The distinction between the decadence whereby a long period of luxuriant lassitude leads slowly into degeneracy and that whereby countenancing political folly leads swiftly into chaos was soon followed by a third, essentially fault-free mode of civil decline. In Der Untergang des Abendlandes (1918-1922; trans as The Decline of the West 1926-1928) Oswald Spengler (1880-1936) wrote that "We cannot help it if we were born as men of the early winter of full Civilization, instead of on the golden summit of a ripe Culture, in a Phidias or a Mozart time." Cultures in this view have natural and inescapable life cycles, whose final stage, "Civilization", possesses features that cannot be altered or evaded, as explicated at great length by Arnold J Toynbee (1889-1976) in A Study of History (1933-1961 11vols) (see History in SF). In They Shall Have Stars (1956), the earliest volume (in internal chronology) of James Blish's Cities in Flight sequence (1950-1962 var mags; omni 1970), we see Western civilization falling into a chiliastic social disorder that earlier writers would have characterized as decadent, but which Blish's knowing protagonists make no futile attempt to rectify.

All three modes of decadence are evident in the Genre SF that appeared in American Pulp magazines in the following decades. Leigh Brackett's The Sword of Rhiannon (June 1949 Thrilling Wonder as "Sea-Kings of Mars"; 1953 dos) vividly evokes a Martian civilization so old that it can do little but pine nostalgically for eras lost in its own deep antiquity, while the Galactic Empire of Isaac Asimov's Foundation series employs Gibbon as a template for the inevitable decay that will fall into what Poul Anderson memorably termed the Long Night of a star-spanning empire's dissolution. Whether the decadence that overtakes these civilizations is a result of moral turpitude, civil mismanagement, or mere senescence is not in every case clear, although tales that lingered upon the languorous excess of entrenched ruling classes seemed by this time to be more popular in Fantasy (as in the magazine stories of Zothique [written 1930s coll 1970] and other venues by Clark Ashton Smith) than in sf. With few exceptions (such as those of Olaf Stapledon, who did not publish Genre SF), it seemed to be the nature of Galactic Empires to fall, and most experienced an extended period of decadence before the final crash.

It is notable that decadence is not much dwelt upon in more recent sf, and exceptions tend to be localized rather than interstellar. The Afternoon Cultures of M John Harrison's Viriconium sequence (1971-1991) signal by their cognomen their status as pre-decadent civilizations, and the city of Viriconium (which comes in full "Evening") embraces the full flower of artistic decadence that Symons described. The decaying New York of Thomas M Disch's On Wings of Song (1979) similarly enjoys a flowering of the more "refined" arts (including, significantly, a "bel canto revival") even as its municipal services disintegrate. The topoi of Elizabeth Hand's Aestival Tide (1992) and related novels are largely restricted to Washington, District of Columbia, while that of J G Ballard's Vermilion Sands (coll 1971; with 1 story added rev 1973) is confined to a single decaying resort.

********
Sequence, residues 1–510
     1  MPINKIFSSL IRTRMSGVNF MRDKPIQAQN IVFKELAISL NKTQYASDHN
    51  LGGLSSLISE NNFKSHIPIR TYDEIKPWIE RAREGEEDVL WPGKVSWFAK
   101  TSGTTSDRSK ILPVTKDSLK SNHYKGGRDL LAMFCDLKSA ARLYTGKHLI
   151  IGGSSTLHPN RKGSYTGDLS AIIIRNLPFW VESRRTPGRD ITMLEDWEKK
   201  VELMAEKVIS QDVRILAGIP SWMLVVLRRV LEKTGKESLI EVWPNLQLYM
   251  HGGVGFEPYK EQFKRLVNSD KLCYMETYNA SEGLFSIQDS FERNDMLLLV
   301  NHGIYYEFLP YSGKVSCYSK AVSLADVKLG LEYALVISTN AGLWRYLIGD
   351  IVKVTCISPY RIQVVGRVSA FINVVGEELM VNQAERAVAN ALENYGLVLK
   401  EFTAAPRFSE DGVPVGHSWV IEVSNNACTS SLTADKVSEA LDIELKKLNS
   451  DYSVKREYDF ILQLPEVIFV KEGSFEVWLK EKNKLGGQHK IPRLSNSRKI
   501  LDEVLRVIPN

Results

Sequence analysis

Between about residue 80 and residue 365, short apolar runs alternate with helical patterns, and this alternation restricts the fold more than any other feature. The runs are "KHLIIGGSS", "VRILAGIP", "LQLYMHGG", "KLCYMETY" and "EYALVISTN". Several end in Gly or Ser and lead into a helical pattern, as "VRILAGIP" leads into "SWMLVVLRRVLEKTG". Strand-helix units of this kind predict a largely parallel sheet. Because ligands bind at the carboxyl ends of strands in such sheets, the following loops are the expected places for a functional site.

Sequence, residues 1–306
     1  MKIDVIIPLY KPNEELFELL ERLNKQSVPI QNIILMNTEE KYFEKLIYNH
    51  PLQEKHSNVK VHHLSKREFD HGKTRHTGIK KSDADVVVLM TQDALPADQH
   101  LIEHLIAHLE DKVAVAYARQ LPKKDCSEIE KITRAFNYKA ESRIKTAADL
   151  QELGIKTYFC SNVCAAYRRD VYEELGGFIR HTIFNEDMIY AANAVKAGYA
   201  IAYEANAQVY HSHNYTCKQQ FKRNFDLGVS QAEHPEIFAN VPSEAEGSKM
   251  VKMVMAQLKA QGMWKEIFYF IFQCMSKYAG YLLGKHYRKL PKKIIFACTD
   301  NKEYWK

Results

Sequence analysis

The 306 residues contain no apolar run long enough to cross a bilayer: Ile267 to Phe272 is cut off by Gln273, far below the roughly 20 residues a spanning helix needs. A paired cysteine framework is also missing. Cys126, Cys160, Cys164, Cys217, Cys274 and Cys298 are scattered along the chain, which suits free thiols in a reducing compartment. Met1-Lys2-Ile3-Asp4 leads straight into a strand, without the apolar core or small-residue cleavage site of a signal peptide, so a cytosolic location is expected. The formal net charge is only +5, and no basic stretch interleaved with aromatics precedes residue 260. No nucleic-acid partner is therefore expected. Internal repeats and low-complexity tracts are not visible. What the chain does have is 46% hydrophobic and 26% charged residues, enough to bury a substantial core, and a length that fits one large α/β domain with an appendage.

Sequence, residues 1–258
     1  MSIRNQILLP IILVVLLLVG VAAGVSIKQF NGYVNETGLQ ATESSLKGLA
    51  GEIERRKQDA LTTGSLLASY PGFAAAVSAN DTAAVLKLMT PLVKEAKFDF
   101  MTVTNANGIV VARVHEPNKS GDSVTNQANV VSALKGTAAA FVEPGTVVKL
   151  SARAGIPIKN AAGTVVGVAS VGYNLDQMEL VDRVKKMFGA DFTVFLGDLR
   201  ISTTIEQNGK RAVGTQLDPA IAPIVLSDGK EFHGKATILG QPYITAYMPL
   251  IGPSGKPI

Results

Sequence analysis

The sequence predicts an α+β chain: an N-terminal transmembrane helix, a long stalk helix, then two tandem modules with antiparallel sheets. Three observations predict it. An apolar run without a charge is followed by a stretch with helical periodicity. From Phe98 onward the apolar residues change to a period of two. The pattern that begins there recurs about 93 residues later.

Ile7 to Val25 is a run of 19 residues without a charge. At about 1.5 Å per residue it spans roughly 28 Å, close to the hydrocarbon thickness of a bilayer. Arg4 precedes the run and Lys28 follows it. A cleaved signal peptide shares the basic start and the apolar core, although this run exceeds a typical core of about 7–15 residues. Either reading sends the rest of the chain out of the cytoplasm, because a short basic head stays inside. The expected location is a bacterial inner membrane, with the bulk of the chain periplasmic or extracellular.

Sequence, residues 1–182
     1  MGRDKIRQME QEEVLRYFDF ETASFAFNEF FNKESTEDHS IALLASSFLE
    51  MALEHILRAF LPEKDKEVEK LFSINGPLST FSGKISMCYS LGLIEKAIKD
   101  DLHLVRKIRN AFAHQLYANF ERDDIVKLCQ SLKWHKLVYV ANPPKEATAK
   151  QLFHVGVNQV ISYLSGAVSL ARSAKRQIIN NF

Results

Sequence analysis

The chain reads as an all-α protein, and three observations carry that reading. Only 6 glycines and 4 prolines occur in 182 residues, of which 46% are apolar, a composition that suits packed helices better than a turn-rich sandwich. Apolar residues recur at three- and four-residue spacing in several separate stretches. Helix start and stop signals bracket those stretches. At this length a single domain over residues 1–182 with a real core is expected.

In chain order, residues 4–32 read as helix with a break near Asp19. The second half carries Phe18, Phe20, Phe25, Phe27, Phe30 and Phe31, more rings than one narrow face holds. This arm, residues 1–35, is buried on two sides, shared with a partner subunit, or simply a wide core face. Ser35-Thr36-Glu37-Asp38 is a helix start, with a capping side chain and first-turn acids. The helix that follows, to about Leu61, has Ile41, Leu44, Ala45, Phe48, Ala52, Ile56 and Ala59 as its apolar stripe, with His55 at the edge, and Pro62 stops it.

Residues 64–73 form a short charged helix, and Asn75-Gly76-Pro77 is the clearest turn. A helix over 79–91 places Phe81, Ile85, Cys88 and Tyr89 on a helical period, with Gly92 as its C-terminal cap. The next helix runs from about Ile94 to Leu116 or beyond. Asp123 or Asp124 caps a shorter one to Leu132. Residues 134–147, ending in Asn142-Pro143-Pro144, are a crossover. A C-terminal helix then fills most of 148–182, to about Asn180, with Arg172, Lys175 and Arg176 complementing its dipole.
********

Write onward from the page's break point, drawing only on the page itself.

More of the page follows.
The interstellar empires of what has been called the New Space Opera tend to be young and expanding, and cultures that get into trouble are consumed quickly. The galactic venues of Iain M Banks, David Brin, Alastair Reynolds, Dan Simmons, Vernor Vinge and John C Wright (among others) are simply too busy for any culture to enjoy an unmolested period of decline. It seems that Gibbon's model of the decay and decadence of empires has lost much of its utility for modern sf.

It is important to note that Decadence should not be associated with either Dying Earth stories – such as William Hope Hodgson's The Night Land: A Love Story (1912) – or Thinning [see The Encyclopedia of Fantasy under links below]. In Dying Earth stories, the world has worn out and societies have fallen or disappeared through simple exhaustion of resources, while Thinning entails a malady or threat to a Land, not to any culture that may reside within it. [GF]